Thanks for your continued support! So I can just add that into the device () entry? I think I already know where the device is listed in the DSDT (it is called Device (GIGE) I think). I'll give it a try when I get home. So with that entry, the port will remain powered during sleep... but fans and all will still go off? And WOL packets will be recognized...? I also wonder (out loud, to myself, at this point LOL!) if adding this line will cause OS X to enable the "Wake for administrative access" option in Energy Saver. It probably doesn't even need to be there though, right? I mean, WOL is a hardware solution, no?
  12. Patch DSDT for JMB362 in AHCI mode

    You mean during _PTS?
  13. Patch DSDT for JMB362 in AHCI mode

    Hey! Well, that's good to hear. :-) What was that all about Disable Registers and stuff, then? Not needed, I guess... Now, next question. :-) How to get WOL working... guh.
  14. Patch DSDT for JMB362 in AHCI mode

    Okay, I managed to seemingly get it working. All I did was to add a PINI function right before the _WAK entry: Method (PINI, 0, NotSerialized) { Store (0xB3, \_SB.PCI0.PEX3.JMB0.M1) Store (0xA1, \_SB.PCI0.PEX3.JMB0.M2) Store (0xC2, \_SB.PCI0.PEX3.JMB0.M3) } Then called PINI () from within _WAK. It seems to work fine with only those changes. Should I be worried? Am I missing something vital that will cause problems or corruption down the road?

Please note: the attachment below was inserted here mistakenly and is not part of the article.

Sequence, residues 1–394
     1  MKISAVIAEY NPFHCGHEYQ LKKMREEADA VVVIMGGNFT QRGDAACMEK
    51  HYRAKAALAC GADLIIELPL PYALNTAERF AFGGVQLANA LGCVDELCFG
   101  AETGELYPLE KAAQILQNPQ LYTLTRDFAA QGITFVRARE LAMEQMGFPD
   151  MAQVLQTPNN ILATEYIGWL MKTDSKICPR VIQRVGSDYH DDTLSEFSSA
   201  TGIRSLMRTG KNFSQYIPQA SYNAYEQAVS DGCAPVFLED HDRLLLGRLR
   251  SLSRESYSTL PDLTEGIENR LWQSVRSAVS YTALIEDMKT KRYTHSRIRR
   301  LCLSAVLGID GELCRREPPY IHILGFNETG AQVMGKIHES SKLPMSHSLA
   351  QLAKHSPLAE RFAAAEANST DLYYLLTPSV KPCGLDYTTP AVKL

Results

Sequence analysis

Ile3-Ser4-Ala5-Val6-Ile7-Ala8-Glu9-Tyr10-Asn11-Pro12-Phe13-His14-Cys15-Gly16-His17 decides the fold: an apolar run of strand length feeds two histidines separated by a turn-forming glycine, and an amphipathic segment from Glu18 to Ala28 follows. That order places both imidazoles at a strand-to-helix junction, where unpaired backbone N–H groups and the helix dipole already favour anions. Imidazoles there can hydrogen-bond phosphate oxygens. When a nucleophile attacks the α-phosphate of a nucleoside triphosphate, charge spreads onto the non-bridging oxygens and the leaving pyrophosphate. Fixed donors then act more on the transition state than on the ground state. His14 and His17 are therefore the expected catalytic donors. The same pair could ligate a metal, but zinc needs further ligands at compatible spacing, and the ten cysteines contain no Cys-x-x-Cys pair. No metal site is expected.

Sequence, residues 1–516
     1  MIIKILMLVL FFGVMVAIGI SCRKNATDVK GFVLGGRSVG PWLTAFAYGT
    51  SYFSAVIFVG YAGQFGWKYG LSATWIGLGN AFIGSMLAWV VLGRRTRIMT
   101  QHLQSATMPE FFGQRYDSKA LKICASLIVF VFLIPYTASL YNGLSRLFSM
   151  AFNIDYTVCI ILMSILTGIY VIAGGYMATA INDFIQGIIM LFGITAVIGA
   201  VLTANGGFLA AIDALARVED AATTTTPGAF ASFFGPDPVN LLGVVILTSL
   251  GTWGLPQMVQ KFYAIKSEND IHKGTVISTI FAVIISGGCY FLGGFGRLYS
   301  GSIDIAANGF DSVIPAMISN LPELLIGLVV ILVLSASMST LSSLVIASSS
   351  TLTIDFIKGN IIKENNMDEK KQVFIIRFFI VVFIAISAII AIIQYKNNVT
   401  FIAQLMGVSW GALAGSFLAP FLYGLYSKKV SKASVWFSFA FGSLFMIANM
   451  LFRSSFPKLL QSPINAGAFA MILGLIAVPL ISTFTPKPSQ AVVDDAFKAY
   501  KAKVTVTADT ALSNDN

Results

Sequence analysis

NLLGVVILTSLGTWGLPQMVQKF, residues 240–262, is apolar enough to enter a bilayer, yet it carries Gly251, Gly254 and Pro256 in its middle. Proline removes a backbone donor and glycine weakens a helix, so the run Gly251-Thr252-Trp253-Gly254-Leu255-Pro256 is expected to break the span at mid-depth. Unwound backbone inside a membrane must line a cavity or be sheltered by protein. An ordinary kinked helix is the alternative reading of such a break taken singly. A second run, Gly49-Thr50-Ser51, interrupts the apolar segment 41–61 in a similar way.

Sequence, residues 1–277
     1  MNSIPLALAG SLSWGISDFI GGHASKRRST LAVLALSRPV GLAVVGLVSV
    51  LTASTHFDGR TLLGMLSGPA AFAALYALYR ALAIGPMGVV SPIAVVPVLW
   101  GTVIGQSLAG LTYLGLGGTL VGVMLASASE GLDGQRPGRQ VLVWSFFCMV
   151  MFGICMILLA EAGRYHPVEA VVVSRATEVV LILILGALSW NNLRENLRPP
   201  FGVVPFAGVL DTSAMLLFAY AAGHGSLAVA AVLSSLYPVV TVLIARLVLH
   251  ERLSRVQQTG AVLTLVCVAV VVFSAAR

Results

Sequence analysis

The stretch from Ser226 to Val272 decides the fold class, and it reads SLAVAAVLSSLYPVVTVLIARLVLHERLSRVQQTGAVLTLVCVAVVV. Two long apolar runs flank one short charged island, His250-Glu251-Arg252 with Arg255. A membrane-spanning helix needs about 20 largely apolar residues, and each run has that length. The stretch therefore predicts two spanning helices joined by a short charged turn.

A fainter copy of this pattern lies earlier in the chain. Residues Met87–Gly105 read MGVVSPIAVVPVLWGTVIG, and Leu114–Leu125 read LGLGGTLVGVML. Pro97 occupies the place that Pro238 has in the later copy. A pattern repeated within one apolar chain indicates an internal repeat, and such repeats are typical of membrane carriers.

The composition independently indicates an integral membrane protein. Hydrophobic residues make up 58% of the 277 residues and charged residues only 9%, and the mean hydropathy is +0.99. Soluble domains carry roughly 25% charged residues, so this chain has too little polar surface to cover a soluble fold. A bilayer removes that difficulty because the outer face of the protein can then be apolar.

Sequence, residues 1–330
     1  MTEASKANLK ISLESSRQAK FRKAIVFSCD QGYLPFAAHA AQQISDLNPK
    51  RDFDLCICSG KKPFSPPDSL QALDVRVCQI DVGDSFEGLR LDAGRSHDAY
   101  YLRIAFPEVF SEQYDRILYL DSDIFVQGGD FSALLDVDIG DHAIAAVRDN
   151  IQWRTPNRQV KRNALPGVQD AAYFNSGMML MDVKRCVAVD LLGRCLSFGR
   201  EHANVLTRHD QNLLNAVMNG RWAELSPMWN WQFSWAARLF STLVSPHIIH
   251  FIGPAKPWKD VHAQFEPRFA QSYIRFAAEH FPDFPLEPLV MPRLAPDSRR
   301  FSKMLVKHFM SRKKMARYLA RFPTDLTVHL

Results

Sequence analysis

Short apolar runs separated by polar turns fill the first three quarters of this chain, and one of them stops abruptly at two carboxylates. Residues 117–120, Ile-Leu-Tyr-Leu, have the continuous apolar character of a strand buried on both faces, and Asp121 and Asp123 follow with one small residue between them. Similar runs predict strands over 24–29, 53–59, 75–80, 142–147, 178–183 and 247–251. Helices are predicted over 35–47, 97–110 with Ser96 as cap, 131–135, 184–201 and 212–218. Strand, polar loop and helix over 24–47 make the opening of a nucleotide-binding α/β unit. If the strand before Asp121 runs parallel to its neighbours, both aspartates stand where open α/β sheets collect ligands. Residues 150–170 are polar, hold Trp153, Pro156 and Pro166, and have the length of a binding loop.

15. Patch DSDT for JMB362 in AHCI mode

    I really need some more precise help, if you have time. I've been trying, but I'm still somewhat clueless. The way I understand it, PINI is a function you create (I've been following this thread here), and I assume it would write those same registers I used in my initial device call during startup, right? But... how to I identify where the registers are located (i.e., how do I identify the device, etc.) Sorry, maybe that question doesn't even make sense?? But anyway, if I'm able to make that function successfully, then where do I call it from? _WAK? And I don't really understand the "disable register" business... is that during prepare to sleep? So where do I put that? And what would it look like?? :-( Sorry, as you can see, I'm stumbling in the darkness. :-)